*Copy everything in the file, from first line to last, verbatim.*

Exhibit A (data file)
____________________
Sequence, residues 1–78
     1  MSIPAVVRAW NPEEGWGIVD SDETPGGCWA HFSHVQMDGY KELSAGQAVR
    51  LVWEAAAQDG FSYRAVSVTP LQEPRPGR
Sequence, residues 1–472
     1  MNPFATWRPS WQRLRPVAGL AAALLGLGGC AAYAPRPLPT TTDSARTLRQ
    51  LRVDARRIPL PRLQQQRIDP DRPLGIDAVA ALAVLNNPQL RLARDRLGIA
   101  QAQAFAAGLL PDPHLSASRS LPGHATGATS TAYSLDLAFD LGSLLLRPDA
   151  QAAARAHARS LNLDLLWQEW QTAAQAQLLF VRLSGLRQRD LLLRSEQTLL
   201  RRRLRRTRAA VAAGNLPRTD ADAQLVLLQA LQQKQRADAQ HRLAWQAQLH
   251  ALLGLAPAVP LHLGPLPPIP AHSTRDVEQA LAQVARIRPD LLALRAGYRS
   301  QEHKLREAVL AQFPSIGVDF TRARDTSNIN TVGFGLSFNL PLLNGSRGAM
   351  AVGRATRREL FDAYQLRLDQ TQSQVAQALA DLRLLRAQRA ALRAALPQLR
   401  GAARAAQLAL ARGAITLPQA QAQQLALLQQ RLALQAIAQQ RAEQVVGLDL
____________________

Sequence, residues 1–78
     1  MSIPAVVRAW NPEEGWGIVD SDETPGGCWA HFSHVQMDGY KELSAGQAVR
    51  LVWEAAAQDG FSYRAVSVTP LQEPRPGR
Sequence, residues 1–472
     1  MNPFATWRPS WQRLRPVAGL AAALLGLGGC AAYAPRPLPT TTDSARTLRQ
    51  LRVDARRIPL PRLQQQRIDP DRPLGIDAVA ALAVLNNPQL RLARDRLGIA
   101  QAQAFAAGLL PDPHLSASRS LPGHATGATS TAYSLDLAFD LGSLLLRPDA
   151  QAAARAHARS LNLDLLWQEW QTAAQAQLLF VRLSGLRQRD LLLRSEQTLL
   201  RRRLRRTRAA VAAGNLPRTD ADAQLVLLQA LQQKQRADAQ HRLAWQAQLH
   251  ALLGLAPAVP LHLGPLPPIP AHSTRDVEQA LAQVARIRPD LLALRAGYRS
   301  QEHKLREAVL AQFPSIGVDF TRARDTSNIN TVGFGLSFNL PLLNGSRGAM
   351  AVGRATRREL FDAYQLRLDQ TQSQVAQALA DLRLLRAQRA ALRAALPQLR
   401  GAARAAQLAL ARGAITLPQA QAQQLALLQQ RLALQAIAQQ RAEQVVGLDL